The Partei für Soziale Gleichheit (Socialist Equality Party) of Germany held its Founding Congress May 22-24, 2010 in Berlin. The Congress adopted the document “The Historical Foundations of the Partei für Soziale Gleichheit” on May 23.
We are publishing the document in serialized form. Below is the first of eleven parts.
I. Programme and history
1. The perspective of a party is determined, to a considerable degree, by its attitude to historical questions. Nowhere is this more clear than in Germany. Here the workers’ movement achieved triumphant successes and suffered world-historical defeats, which shaped the character of the entire 20th century. In Germany, Marxism was founded; it was here that the Social Democratic Party (SPD) developed as the first Marxist mass party; and it was here that opportunism (the capitulation of the SPD on the eve of the First World War) and Stalinism (the failure of the German Communist Party to prevent Hitler’s seizure of power) were to blame for terrible catastrophes. After the Second World War, the division of the country and the abuse of Marxism by the regime in the German Democratic Republic (GDR) left a heritage of great political confusion.
2. “The tradition of all dead generations weighs like a nightmare on the brains of the living”, wrote Marx in 1852. 1 Nightmares are unleashed by undigested traumatic experiences. In order to overcome them, these experiences must be consciously worked through. In a general sense, this is also true for politics. Without consciously working through the lessons of the 20th century, one cannot find one’s way in the 21st. The Partei für Soziale Gleichheit (PSG, Socialist Equality Party) bases its programme and its perspective on an understanding of the historical experiences of the international socialist movement. It relies thereby on the heritage of the Fourth International and its struggles against Stalinism, reformism and Pabloite revisionism. The purpose of this document is to elaborate these experiences.
3. The deepest financial and economic crisis since the 1930s is today throwing up all the unresolved questions of the past. The capitalist world system is suffering from the same irresolvable contradictions that have brought forth two world wars, numerous regional military conflicts, fascism and other brutal dictatorships—the incompatibility of the world economy and the nation state, and the contradiction between private property and social production. There is no way out of this crisis on a capitalist basis. As in the last century, it poses before mankind the alternative: socialism or barbarism.
4. At the heart of the crisis is the decline of the US, whose economic power in 1945—after two world wars and a hundred million killed—provided the foundation for a new capitalist upturn. For a considerable time, the US has been compensating for the loss of its economic hegemony by means of its military supremacy and by expanding the financial sector at the expense of industrial production. This is the background to the current crisis, which cannot be resolved peacefully. The American ruling class is just as little ready to voluntarily give up its power and wealth as every other ruling class in history. Its efforts to shift the costs of the crisis onto the working class and onto its international rivals, and the reaction of its rivals in Europe and Asia, are giving rise to violent class battles and international conflicts.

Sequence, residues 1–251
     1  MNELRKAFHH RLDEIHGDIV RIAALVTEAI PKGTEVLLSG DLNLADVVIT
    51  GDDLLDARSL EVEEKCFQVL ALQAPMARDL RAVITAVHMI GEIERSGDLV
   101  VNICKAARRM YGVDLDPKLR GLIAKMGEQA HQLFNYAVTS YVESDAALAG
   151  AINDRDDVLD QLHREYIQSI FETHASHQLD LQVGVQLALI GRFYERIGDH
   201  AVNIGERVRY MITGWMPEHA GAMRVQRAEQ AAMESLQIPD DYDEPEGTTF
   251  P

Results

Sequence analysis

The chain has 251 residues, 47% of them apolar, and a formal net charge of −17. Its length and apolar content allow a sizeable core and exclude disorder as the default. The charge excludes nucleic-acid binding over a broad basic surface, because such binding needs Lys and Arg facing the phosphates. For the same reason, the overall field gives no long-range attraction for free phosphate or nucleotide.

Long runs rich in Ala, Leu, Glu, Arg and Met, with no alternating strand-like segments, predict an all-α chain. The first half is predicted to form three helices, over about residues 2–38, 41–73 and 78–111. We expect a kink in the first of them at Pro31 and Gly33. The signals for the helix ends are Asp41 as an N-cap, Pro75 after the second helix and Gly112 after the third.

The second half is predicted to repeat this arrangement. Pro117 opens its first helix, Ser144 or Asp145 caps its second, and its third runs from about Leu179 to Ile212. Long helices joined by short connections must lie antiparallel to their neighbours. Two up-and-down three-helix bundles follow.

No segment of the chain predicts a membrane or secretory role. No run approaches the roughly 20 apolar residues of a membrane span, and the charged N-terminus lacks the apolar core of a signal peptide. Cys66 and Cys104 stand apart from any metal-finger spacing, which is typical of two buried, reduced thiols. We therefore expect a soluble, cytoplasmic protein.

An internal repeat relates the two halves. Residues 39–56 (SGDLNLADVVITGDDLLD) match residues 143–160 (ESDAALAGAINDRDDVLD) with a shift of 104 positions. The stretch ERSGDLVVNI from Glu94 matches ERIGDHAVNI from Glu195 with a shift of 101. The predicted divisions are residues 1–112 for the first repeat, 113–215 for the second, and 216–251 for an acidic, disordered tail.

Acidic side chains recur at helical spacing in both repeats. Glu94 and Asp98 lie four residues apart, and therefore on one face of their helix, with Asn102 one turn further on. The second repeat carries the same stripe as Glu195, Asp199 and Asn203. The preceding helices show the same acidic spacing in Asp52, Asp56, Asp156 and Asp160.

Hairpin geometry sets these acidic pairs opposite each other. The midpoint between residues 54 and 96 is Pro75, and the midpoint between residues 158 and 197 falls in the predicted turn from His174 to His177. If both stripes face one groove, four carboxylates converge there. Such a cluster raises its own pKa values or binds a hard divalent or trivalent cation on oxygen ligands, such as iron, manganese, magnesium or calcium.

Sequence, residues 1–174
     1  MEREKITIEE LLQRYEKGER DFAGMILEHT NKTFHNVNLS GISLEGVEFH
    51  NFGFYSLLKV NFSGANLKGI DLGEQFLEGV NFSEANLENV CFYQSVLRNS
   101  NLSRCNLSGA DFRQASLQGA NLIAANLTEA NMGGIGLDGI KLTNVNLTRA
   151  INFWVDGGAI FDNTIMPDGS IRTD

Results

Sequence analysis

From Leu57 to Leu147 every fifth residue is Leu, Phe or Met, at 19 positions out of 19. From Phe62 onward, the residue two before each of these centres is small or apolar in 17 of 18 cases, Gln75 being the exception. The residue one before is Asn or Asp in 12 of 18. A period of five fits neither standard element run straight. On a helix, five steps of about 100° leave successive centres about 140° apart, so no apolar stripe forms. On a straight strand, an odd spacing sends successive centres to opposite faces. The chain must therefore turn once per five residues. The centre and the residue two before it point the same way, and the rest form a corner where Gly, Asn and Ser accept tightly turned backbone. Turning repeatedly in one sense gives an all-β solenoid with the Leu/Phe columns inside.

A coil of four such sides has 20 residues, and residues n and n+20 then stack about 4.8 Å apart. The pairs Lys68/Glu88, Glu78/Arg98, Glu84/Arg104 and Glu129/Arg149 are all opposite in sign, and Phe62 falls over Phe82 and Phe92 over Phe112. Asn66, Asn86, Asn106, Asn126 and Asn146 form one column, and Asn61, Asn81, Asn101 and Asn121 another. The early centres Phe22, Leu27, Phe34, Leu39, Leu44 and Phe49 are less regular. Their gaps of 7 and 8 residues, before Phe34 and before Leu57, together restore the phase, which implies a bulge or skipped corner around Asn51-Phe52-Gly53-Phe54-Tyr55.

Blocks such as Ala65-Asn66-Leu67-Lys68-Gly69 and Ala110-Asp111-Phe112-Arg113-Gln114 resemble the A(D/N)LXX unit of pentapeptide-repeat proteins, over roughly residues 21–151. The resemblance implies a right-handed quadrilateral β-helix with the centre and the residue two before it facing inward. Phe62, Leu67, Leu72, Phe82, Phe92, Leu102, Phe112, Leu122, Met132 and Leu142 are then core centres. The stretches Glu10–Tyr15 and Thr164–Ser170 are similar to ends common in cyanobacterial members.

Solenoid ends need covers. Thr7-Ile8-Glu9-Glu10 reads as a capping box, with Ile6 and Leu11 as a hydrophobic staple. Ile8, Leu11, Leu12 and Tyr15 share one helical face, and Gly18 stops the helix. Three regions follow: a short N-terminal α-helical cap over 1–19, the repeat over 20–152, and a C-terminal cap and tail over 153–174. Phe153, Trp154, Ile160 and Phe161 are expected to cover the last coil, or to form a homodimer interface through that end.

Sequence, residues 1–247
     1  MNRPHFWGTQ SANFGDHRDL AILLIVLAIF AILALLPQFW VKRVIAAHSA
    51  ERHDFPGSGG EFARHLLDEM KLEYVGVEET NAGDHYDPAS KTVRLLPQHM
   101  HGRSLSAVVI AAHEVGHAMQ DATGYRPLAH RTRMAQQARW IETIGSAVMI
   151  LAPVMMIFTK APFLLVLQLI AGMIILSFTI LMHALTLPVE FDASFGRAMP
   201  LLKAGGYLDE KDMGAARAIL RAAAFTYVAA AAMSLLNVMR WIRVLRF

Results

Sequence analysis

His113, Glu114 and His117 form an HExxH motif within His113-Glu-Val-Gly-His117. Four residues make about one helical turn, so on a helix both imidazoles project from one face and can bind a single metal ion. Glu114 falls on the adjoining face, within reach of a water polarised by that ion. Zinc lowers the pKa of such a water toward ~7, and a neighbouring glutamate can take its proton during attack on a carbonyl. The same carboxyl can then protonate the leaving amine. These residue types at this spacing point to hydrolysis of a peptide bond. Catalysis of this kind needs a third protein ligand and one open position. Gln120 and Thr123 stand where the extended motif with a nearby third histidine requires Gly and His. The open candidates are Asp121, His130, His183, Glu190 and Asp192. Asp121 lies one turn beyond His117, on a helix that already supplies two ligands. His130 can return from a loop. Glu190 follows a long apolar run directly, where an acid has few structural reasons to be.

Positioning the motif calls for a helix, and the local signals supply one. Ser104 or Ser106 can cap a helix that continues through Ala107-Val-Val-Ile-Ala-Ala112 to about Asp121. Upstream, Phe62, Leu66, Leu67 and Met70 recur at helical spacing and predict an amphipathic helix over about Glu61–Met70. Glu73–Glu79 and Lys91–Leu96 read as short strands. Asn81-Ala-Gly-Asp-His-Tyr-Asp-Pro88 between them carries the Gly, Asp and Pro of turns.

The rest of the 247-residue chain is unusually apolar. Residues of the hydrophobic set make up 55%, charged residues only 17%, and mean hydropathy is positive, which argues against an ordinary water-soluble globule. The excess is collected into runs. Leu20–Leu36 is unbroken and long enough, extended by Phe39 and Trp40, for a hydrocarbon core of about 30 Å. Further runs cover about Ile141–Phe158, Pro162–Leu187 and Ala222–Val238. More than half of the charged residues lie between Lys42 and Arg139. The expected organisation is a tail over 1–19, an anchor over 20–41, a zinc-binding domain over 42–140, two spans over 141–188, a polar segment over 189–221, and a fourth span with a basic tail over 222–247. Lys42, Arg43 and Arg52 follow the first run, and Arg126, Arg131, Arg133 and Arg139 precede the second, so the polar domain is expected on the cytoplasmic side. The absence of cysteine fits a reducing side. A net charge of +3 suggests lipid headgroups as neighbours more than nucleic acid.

5. The global development of the productive forces has not only deepened the crisis of capitalism, it has also strengthened the social power of the working class and created the objective conditions for the overthrow of capitalism and the building of a socialist society. Innovative developments in information and communications technology have led to the integration of the world economy on a scale that has never been seen before, linking together the working class across continents and strengthening its numbers. Never before has such a high percentage of mankind lived in cities and been so directly integrated into the global production process. Countries such as China, which were still predominantly rural just one hundred years ago, today rank among the most important industrial regions of the world. The PSG poses to itself the task of preparing the working class politically and theoretically for the coming class battles and of arming it with a socialist programme, which is built on the lessons of previous struggles. The PSG is the German section of the International Committee of the Fourth International, which was founded by Trotsky in 1938 as the World Party of Socialist Revolution.
II. The SPD as a Marxist mass party
6. Four decades after Marx and Engels published the Communist Manifesto and based socialism on a scientific foundation, German social democracy developed, under the influence of Marxism, into the world’s first mass party of the working class. The SPD carried out pioneering historical work, whose results would have a lasting effect for many decades, even after the party had long turned away from Marxism. It formed the working class into a politically conscious class and developed within it a broad, socialist culture embracing all areas of life. Both the communist parties and the Fourth International rested on this early work of the SPD.